Mercy, Mercy, Mercy
|"Mercy, Mercy, Mercy"|
|Song by Cannonball Adderley from the album Mercy, Mercy, Mercy! Live at 'The Club'|
|Recorded||Capitol Records (Los Angeles), October 20, 1966|
"Mercy, Mercy, Mercy" is a song written by Joe Zawinul in 1966 for Julian "Cannonball" Adderley and his album Mercy, Mercy, Mercy! Live at 'The Club'. The song is the title track of the album and became a surprise hit. "Mercy, Mercy, Mercy" went to #2 on the Soul chart and #11 on the Billboard Hot 100 chart.
The song has been re-recorded numerous times, most notably by:
- The Buckinghams who reached # 5 in August 1967, adding lyrics to the tune. musicians on the Buckingham's version included James Henderson, Lew McCreary and Richard Leith on trombone, Bill Peterson, Bud Childers on trumpet, John Johnson on sax, Lincoln Mayorga on Wurlitzer electric piano, Dennis Budimir on guitar, Carol Kaye on bass, and John Guerin on drums.
- It was also recorded by The Mauds in 1967, with lyrics by Curtis Mayfield. It has now become a jazz standard performed by both beginner and advanced jazz musicians.
- It was also recorded by Willie Mitchell in 1968 as the B-side of his single "Soul Serenade." This version was sampled by rapper GZA on the title track of his album Liquid Swords.
- The theme of the song on the original recording is performed by Joe Zawinul himself playing it on a Wurlitzer electric piano previously used by Ray Charles.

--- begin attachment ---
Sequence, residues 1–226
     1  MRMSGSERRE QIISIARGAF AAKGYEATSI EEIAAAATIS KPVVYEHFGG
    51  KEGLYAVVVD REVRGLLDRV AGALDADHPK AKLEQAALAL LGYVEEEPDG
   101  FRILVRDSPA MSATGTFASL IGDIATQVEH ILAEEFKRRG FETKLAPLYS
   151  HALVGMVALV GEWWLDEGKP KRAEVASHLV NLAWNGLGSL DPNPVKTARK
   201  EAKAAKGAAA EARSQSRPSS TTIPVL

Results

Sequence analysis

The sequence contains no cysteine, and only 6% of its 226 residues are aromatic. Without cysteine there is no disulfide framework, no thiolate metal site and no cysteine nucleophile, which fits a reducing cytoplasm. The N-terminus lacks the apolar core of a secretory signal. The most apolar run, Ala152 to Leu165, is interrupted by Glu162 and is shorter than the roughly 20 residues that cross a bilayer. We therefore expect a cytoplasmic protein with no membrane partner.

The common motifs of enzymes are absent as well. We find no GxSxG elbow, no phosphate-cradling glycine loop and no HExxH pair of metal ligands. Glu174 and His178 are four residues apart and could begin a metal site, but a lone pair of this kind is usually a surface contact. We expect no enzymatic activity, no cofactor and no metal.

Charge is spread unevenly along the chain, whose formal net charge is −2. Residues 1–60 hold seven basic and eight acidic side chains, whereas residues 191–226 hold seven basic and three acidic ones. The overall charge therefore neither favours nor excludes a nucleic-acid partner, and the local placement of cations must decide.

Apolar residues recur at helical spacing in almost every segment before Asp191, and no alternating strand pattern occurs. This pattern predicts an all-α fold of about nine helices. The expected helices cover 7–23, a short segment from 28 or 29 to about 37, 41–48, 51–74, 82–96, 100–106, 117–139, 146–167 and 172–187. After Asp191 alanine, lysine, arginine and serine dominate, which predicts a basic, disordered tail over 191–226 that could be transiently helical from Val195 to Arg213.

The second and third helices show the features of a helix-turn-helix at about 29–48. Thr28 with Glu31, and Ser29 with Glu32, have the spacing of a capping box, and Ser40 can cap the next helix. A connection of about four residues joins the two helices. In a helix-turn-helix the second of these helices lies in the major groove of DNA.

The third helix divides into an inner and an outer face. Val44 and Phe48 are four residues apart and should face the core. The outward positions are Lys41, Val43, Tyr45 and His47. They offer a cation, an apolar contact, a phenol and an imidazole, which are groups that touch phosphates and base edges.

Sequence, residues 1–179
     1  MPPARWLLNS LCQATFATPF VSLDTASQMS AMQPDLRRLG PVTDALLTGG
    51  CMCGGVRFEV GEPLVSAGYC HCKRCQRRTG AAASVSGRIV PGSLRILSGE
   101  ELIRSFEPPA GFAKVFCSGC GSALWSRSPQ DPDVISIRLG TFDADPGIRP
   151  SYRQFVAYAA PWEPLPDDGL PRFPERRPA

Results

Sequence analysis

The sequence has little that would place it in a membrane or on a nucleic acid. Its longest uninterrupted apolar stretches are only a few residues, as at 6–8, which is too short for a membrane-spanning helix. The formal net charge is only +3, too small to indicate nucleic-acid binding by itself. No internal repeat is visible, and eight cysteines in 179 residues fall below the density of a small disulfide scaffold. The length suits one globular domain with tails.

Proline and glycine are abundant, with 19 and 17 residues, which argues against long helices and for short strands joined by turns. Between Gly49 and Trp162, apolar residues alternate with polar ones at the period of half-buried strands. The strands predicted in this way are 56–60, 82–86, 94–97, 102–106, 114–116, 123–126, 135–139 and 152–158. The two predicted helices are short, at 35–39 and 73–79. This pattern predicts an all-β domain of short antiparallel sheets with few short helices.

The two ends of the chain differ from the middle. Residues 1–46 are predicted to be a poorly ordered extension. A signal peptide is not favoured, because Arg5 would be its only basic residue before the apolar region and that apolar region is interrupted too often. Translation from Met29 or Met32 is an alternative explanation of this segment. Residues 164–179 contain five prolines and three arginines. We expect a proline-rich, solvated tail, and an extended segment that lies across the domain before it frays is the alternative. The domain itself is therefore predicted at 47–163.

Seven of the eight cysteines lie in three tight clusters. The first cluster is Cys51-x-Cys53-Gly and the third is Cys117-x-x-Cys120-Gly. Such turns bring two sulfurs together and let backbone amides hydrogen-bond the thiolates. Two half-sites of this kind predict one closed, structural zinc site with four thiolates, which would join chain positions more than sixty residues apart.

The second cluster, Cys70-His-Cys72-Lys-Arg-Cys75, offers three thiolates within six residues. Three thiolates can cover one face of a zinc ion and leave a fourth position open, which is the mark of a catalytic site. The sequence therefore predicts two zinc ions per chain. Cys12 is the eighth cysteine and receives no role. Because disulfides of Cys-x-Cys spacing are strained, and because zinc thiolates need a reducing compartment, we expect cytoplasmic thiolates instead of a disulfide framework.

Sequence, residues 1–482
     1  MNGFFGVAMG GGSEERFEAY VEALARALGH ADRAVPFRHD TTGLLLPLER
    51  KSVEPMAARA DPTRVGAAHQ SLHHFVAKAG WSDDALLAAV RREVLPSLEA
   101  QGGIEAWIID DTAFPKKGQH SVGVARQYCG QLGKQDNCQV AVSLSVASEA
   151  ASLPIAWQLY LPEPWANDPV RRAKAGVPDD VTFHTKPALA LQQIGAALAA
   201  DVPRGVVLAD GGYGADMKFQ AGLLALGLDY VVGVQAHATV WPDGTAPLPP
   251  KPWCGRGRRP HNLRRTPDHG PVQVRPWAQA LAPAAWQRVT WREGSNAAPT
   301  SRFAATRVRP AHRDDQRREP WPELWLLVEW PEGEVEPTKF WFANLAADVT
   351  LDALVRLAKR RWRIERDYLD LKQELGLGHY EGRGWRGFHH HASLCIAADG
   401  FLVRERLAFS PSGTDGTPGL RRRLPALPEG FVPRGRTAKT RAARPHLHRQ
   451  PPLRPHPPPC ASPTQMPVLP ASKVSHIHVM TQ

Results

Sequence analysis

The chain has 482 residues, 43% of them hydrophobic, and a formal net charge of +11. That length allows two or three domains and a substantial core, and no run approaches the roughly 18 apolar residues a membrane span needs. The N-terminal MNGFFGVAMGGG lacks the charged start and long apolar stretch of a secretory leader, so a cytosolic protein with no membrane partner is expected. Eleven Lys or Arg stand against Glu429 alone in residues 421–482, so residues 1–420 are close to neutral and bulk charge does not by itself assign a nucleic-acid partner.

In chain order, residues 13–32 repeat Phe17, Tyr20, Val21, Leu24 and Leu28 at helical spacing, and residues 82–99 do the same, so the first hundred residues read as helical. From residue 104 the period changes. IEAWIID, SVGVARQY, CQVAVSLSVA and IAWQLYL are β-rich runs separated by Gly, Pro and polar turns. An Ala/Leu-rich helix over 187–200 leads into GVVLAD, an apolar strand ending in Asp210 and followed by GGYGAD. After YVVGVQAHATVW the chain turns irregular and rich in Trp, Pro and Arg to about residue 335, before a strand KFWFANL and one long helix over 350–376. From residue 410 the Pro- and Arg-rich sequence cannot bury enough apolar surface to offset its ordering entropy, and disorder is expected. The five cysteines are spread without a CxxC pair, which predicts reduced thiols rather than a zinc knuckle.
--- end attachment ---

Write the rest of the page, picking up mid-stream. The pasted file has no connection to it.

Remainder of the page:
The first part of the theme is played two times and is completely made of notes from the major pentatonic scale of the first degree.
Structure and chord progression
The tune is in the key of B-flat major and has a 20-bar structure with four distinct sections. The chord progression is mainly made of dominant-seventh chords on the first, fourth and fifth degrees, giving the song a bluesy feeling although it does not follow a typical blues progression. The subdominant (IV) chord in the beginning section emphasizes this bluesy feeling. In the second section, the tonic chord alternates with a second-inversion subdominant chord, creating a parallel to the I-IV-V progression (in which the tonic moves to the subdominant).
- in Feb. 1967. "This album gave birth to a Top Ten single of the title tune, much to the astonishment of many..." Michael Cuscuna 1995 Capitol Reissue CD liner notes
- Whitburn, Joel (2004). Top R&B/Hip-Hop Singles: 1942-2004. Record Research. p. 24.
- Keyboards (german keyboard magazine), 06/2007 http://www.keyboards.de.
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